This also acknowledges that the CORE to windows hasnt changed much over 8-10 years. SO WHY IN HELL dont the drivers work?
    The main diff in ALL these versions is in DirectX??

    And I QUOTE:(myself)
    What happened to the OLD programming RULES about Programming languages and OS..
    NEVER AUGMENT THE ORIGINAL. LOCK it up so SPIT’ cant happen.
    ADD a DIR outside of the OS, and direct access to it. NEVER ADD to the PROTECTED DIR.
    IF MS, corrects something and SCREWS up the machine(in a protected environment) YOU KNOW they did it. IF you allow ANYONE access, you cant point at LIABILITY..

  13. We're sick of it says:

    Nothing to see here, move along folks.

    just one of the (many) back doors built into the world’s most ubiquitous operating system.

    In another 20 years, they may all eventually be found and closed. Meanwhile, enjoy your lack of security

  14. ECA says:

    HOLD IT..
    I think I found something BETTER..or is this the SAME??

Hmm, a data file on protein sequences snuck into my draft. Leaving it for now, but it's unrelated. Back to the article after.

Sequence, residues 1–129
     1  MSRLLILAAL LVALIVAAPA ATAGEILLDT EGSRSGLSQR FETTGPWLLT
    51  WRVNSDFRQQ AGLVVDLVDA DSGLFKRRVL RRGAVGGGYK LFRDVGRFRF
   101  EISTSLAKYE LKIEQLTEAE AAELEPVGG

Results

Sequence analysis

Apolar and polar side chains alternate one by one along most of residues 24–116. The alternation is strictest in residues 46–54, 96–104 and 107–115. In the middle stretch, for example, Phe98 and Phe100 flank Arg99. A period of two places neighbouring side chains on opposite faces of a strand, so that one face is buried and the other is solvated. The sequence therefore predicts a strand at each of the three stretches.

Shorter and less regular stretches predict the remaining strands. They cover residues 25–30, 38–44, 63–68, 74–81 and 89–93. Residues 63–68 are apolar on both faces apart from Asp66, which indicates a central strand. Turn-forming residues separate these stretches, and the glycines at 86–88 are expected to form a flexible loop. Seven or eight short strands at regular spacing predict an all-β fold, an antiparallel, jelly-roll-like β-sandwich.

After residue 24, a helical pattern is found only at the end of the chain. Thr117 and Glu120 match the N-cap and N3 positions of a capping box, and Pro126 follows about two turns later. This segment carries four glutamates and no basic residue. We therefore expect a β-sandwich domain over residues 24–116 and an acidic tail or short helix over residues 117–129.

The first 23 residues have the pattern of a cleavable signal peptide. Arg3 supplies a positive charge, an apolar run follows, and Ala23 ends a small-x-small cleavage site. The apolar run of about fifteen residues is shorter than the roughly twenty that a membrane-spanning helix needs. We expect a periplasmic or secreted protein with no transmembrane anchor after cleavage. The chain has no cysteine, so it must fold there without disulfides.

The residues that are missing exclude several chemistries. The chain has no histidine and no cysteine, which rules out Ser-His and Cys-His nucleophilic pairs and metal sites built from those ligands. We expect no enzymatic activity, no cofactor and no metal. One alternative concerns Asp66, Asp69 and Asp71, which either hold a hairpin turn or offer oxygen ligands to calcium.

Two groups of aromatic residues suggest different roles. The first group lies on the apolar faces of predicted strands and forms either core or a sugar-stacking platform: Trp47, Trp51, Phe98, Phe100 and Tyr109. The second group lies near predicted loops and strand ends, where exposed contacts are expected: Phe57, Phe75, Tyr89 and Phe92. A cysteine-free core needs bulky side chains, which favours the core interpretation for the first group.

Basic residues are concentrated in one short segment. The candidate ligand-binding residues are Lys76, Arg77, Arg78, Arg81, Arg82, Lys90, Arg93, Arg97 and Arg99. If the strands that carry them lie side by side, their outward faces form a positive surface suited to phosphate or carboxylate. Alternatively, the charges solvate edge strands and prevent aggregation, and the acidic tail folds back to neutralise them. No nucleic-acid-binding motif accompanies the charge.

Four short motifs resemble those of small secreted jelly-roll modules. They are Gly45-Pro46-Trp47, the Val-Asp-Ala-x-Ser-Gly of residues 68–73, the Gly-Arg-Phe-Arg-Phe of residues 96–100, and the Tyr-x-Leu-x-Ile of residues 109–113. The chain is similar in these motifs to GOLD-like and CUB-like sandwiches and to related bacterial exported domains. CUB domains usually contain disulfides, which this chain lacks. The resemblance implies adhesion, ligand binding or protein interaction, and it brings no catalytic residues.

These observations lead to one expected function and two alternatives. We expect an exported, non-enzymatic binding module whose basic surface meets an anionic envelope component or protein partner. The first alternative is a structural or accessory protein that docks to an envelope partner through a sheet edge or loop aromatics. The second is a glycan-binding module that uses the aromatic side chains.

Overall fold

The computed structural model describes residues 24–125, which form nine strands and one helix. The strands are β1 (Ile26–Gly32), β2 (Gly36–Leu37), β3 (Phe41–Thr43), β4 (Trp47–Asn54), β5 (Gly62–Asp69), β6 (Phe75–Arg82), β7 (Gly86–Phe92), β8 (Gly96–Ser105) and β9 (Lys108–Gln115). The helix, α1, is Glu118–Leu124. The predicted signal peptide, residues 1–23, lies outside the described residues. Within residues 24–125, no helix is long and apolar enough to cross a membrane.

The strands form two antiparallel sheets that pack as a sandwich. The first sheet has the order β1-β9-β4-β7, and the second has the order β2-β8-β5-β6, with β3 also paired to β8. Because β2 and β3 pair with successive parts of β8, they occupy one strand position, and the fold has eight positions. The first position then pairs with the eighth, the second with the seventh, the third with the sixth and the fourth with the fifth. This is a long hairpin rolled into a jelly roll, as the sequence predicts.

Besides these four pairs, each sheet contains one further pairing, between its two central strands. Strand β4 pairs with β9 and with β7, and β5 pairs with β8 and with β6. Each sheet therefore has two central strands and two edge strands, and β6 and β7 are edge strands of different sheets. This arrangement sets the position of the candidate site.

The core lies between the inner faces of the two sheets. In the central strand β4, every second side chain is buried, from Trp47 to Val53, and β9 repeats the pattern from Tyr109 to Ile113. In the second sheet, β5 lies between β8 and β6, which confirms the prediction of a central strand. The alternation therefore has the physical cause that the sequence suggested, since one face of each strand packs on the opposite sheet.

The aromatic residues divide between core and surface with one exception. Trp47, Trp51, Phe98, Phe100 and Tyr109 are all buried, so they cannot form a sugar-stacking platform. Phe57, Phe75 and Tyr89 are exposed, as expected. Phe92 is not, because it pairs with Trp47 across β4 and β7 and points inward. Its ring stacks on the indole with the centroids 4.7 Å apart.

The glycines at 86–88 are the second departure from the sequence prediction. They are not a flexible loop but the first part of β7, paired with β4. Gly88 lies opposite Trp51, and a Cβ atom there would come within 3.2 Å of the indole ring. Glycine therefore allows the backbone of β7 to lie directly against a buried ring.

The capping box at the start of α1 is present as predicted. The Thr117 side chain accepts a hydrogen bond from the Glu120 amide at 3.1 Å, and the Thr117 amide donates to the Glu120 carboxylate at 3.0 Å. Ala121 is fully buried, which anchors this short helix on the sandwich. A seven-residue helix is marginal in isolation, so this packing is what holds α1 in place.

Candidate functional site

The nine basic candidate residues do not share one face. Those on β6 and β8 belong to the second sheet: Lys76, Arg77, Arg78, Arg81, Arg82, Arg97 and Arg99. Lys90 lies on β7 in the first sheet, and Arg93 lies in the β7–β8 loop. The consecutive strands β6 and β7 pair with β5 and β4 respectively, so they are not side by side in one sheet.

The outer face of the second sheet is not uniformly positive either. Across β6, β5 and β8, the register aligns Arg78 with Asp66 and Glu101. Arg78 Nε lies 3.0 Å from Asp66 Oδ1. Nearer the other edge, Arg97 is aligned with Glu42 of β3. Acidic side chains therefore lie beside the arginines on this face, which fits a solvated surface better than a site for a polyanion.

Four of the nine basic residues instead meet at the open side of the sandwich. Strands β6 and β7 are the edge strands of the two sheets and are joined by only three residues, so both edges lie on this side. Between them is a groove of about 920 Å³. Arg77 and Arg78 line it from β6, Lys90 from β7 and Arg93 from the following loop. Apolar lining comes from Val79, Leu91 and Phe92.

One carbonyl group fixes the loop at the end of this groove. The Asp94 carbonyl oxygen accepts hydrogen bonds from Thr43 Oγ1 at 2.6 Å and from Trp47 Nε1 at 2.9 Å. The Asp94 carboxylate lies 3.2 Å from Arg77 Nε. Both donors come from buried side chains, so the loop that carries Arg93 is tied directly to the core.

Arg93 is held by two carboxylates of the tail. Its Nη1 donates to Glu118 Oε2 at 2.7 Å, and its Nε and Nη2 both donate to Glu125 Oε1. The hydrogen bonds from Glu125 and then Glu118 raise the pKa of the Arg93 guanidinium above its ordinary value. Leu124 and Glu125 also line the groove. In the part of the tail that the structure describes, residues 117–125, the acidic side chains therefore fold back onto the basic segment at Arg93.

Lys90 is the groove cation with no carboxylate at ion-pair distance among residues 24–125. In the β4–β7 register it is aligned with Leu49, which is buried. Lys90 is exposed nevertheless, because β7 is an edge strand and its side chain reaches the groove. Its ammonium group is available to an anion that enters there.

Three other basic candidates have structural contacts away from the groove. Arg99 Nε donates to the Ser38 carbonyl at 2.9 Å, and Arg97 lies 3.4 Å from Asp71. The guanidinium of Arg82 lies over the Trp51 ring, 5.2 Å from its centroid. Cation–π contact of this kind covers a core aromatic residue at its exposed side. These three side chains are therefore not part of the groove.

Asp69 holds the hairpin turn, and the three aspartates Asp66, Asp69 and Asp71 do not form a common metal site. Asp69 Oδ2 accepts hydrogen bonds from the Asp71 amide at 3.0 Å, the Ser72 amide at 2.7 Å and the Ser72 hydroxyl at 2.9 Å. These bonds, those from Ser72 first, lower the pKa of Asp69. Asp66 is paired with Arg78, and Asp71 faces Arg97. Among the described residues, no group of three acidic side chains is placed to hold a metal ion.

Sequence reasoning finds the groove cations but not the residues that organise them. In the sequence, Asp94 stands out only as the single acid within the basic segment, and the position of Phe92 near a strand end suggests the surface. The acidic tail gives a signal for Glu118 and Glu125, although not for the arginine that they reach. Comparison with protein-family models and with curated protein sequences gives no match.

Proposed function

its NOT just XP forward…its 17 years old, and STILL THERE.

  15. ECA says:

    “Yesterday’s advisory spelled out the affected software — all 32-bit editions of Windows, including Windows 7 — and told users how to disable VDM as a workaround. Windows’ 64-bit versions are not vulnerable to attack.

    It was Microsoft’s second advisory in seven days; last week, the company posted a warning of a critical flaw in Internet Explorer after Google said its corporate computers had been hacked by Chinese attackers. That bug is to be patched later today.

    “An attacker who successfully exploited this vulnerability could run arbitrary code in kernel mode,” said the newest advisory. “An attacker could then install programs; view, change, or delete data; or create new accounts with full user rights.”

  16. clancys_daddy says:

    Umm is this new, news? I seem to recall this problem popping up before.

  17. deowll says:

    Um, they don’t patch 2000.

  18. Buzz says:

    A flaw?!? In Microsoft?!?


  19. Josh says:

    What a swell way to sell 64 bit versions of Windows 7, and they don’t even mention that are planning to FIX IT??

    All the more reason for me to switch to Linux Mint, the coolest OS out on the internet for free 😉


  20. Josh says:

    What a swell way to sell 64 bit versions of Windows 7, and they don’t even mention that are planning to FIX IT??

    All the more reason for me to switch to Linux Mint, the coolest OS out on the internet for free 😉

    www linuxmint com